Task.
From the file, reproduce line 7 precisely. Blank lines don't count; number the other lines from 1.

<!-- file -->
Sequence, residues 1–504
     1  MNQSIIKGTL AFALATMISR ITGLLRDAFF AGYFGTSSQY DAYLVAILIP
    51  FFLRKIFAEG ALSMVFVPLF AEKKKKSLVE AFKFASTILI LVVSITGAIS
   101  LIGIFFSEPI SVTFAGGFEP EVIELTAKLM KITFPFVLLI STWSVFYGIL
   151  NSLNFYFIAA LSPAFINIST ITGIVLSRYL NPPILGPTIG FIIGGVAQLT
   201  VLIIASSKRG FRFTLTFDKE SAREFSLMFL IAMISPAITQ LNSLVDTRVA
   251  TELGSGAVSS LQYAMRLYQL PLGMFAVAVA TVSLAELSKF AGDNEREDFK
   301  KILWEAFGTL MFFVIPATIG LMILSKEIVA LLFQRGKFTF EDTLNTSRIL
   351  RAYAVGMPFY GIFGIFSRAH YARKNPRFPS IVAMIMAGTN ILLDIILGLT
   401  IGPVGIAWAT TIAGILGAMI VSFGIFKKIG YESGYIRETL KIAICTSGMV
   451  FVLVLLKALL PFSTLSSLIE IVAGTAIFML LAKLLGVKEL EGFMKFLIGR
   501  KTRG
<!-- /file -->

   251  TELGSGAVSS LQYAMRLYQL PLGMFAVAVA TVSLAELSKF AGDNEREDFK